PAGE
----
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White student tells Black student ‘You are my slave’ in school’s ‘Civil War Day’ has mom furious
KENNESAW, Ga. — A new battle line has formed in the national debate over Civil War flags and symbols — this time at a Georgia school not far from a mountaintop where Confederate soldiers fired their cannons at Union troops more than a century ago.
The school near Kennesaw Mountain last month invited fifth-graders to dress up as characters from the Civil War.
A white student, dressed as a plantation owner, said to a 10-year-old black classmate, “You are my slave,” said the black child’s parent, Corrie Davis.
“What I want them to understand is the pain it caused my son,” Davis said of her child, who did not dress up that day. “This is bringing them back to a time when people were murdered, when people died, when people owned people.”
Davis recorded an emotional video in which she explains how she was affected by what happened to her son. It has attracted about 70,000 views on Facebook. The distraught mother said she met with school officials, but was dismayed when they refused to promise that they would never conduct a class in that way again. The issue could come to a head in a couple of weeks, when Davis plans to bring it up at a regularly scheduled school board meeting.
“No student was required to dress in period attire and any student that did so was not instructed, nor required, to dress in any specific attire,” school system spokesman John Stafford said in a brief statement. Cobb County school officials haven’t said whether the annual Civil War Day will continue next year at Big Shanty Intermediate School.
However, the note sent home to parents before the event said “it creates a more realistic simulation when dressing in Civil War clothing.”
Its suggestions included overalls — which Davis believes could have been meant to represent the clothing worn by slaves — and dark pants and white button-down shirts. White button-down shirts have become synonymous with demonstrators protesting the removal of Confederate statues in recent months. They were worn, for example, by some of the white nationalists who staged a rally in Charlottesville, Virginia, that led to violent clashes in August.
Communities around the country have removed Confederate monuments under pressure from those who say they honor a regime that enslaved African-Americans. The debate over such symbols intensified after a self-proclaimed white supremacist who had posed in a photo with the Confederate battle flag fatally shot nine black parishioners in a church in Charleston, South Carolina, in 2015. And it has shown little signs of waning since the Charlottesville clashes that left one woman dead.
“BE CREATIVE and use your resources to ensure that your costume is as accurate as possible,” the Georgia school’s note informed parents. It included a small picture of a man in Civil War dress with what appears to be one of several flags used by the Confederate States of America.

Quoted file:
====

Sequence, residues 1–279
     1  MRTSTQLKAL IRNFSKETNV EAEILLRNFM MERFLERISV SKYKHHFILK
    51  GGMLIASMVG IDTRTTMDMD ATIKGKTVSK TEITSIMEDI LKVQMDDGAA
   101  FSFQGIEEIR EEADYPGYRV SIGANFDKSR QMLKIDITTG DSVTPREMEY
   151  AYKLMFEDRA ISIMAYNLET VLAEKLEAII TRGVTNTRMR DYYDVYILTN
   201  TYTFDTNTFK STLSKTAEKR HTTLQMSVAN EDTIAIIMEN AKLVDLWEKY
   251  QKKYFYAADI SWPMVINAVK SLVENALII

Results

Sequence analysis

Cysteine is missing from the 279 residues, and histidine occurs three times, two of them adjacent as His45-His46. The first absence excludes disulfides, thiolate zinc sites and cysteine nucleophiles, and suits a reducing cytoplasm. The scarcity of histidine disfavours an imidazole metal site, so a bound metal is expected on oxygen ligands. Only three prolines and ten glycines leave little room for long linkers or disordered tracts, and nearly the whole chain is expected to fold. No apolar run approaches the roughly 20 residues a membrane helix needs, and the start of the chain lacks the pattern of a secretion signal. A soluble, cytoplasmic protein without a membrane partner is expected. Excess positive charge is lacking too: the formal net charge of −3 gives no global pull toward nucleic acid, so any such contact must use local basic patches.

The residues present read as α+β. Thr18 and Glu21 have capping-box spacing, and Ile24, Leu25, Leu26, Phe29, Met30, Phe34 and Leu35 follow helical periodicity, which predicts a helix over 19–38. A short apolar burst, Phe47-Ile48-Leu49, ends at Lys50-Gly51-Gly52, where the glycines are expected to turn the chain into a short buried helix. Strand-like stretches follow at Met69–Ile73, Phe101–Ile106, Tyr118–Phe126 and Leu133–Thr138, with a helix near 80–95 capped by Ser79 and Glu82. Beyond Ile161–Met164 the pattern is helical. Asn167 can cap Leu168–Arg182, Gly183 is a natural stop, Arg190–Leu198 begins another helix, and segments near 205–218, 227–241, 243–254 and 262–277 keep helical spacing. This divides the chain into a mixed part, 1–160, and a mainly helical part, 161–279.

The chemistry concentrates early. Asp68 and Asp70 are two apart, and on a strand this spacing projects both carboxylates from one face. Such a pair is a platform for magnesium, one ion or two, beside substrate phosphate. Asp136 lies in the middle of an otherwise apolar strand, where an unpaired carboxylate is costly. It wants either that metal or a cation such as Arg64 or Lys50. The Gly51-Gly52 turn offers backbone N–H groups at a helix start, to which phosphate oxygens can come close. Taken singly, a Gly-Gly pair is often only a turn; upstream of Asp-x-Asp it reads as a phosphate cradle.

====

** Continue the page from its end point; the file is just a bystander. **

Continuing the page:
“If they’re requiring that the costume be as accurate as possible … some kid is going to come to school dressed as a plantation owner,” Davis said in her video. “My son is going to be looked upon as a slave at the school.”
The best way to help students learn about difficult historical events such as the Civil War is to create an environment in which they can talk about them and learn different perspectives, said Andy Mink, a former Virginia teacher and now vice president of education programs at the National Humanities Center, a nonprofit organization that works to strengthen teaching.
“I think the best reason to teach history is to teach empathy,” said Mink, who works with schools nationwide on teaching strategies.
“The question we have to ask is whether or not dressing in a particular outfit is really achieving a learning outcome of some kind.”
Davis said she doesn’t object to learning about the Civil War. “I’m simply saying the way in which you are going about teaching this standard is offensive,” she said.
Earlier this month, students in Georgia’s largest school system, Gwinnett County, were asked in a class studying the rise of Nazism to come up with ideas for mascots that might have been used as propaganda for the Nazi party. Gwinnett County schools spokeswoman Sloan Roach said it wasn’t appropriate, and that the matter was being addressed with the teacher.
“We don’t want to do things in our classrooms that would intentionally provide traumatic experiences for young people,” said Sandra Schmidt, associate professor of social studies education at Teachers College at Columbia University.
Schmidt said educators have been aware of the possible pitfalls of student role-playing exercises since the late 1960s’ “Blue Eyes-Brown Eyes” experiment, in which Iowa teacher Jane Elliott designated blue-eyed students as superior to brown-eyed peers.
“She quickly realized how out of hand it got,” Schmidt said.
Davis said she won’t back down in her effort to stop the dress-up aspect of the school’s Civil War Day. She said she doesn’t want other students going through what her son did.
“What they can do is say, ‘We’re not going to do this anymore,’” Davis said. “It is mind-boggling to me that no one will say that.”